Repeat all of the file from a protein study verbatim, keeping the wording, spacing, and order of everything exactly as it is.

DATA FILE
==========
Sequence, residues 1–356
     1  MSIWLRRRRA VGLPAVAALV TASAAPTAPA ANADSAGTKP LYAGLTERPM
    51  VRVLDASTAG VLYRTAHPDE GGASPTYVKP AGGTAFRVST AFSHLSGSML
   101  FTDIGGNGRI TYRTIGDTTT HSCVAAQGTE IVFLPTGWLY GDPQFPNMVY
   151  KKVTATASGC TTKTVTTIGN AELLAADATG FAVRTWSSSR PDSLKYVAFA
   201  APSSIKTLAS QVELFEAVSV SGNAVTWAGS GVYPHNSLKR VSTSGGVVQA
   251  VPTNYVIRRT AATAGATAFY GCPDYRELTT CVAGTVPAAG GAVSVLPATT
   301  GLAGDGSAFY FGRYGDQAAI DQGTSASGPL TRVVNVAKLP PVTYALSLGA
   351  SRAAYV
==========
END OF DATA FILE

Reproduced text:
Sequence, residues 1–356
     1  MSIWLRRRRA VGLPAVAALV TASAAPTAPA ANADSAGTKP LYAGLTERPM
    51  VRVLDASTAG VLYRTAHPDE GGASPTYVKP AGGTAFRVST AFSHLSGSML
   101  FTDIGGNGRI TYRTIGDTTT HSCVAAQGTE IVFLPTGWLY GDPQFPNMVY
   151  KKVTATASGC TTKTVTTIGN AELLAADATG FAVRTWSSSR PDSLKYVAFA
   201  APSSIKTLAS QVELFEAVSV SGNAVTWAGS GVYPHNSLKR VSTSGGVVQA
   251  VPTNYVIRRT AATAGATAFY GCPDYRELTT CVAGTVPAAG GAVSVLPATT
   301  GLAGDGSAFY FGRYGDQAAI DQGTSASGPL TRVVNVAKLP PVTYALSLGA
   351  SRAAYV